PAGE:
FIG. 13 is a graph showing relationships between the laser light wavelength and the transmittance within the silicon substrate in the laser processing method in accordance with the embodiment;

FIG. 14 is a perspective view schematically showing an example of steps in the laser processing method in accordance with the embodiment;

FIG. 15 is a perspective view schematically showing an example of steps in the laser processing method in accordance with the embodiment;

FIG. 16 is a sectional view of the object taken along the line XVI-XVI of FIG. 15(C);

FIG. 17 is a view showing a photograph of a cross section of the object cut by forming modified regions by using the laser processing method in accordance with the embodiment;

FIG. 18 is a schematic sectional view of the object in a step when forming the modified region by using the laser processing method in accordance with the embodiment;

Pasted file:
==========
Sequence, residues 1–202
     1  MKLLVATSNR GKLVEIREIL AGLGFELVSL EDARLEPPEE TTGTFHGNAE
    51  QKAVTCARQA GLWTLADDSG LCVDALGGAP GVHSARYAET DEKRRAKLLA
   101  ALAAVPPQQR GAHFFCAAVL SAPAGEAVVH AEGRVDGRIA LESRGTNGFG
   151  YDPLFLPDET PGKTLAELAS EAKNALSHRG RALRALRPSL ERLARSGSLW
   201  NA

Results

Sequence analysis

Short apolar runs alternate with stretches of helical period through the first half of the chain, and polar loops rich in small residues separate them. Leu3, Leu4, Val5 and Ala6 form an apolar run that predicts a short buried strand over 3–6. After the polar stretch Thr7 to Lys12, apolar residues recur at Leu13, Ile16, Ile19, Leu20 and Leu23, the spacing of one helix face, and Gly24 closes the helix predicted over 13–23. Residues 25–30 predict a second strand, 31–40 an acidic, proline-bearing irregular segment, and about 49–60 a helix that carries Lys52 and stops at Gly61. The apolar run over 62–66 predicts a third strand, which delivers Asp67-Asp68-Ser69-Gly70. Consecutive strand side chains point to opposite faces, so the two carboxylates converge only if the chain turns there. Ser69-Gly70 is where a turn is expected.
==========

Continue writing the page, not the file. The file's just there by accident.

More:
FIG. 19 is a perspective view showing an example of the modified region formed by using the laser processing method in accordance with the embodiment;

FIG. 20 is a schematic view for explaining an example of order of forming modified regions within the object;

FIG. 21 is a sectional view of the object taken along the line XXI-XXI of FIG. 20(B);

FIG. 22 is a view showing a photograph of a cross section of the object cut by forming the modified regions in the order shown in FIGS. 20(A) and 20(B);

FIG. 23 is a view showing a photograph of a cross section of the object cut by forming the modified regions in the order shown in FIGS. 20(A) and 20(B); and

FIG. 24 is a schematic sectional view of the object in a step when the modified regions are formed in the order shown in FIGS. 20(A) and 20(B).

EXPLANATIONS OF NUMERALS OR LETTERS

1 . . . object to be processed; 1 a . . . entrance face; 3 . . . front face; 4 a . . . cross section (side face); 5 . . . line to cut; 5 a . . . first line to cut; 5 b . . . second line to cut; 7 . . . modified region; 71 . . . first modified region; 71 a to 71 f . . . a plurality of rows of modified regions; 72 . . . second modified region; 73 . . . fourth modified region; 74 . . . third modified region; 8 . . . starting point region for cutting; 13 . . . molten processed region; L . . . laser light; P . . . light-converging point.

BEST MODES FOR CARRYING OUT THE INVENTION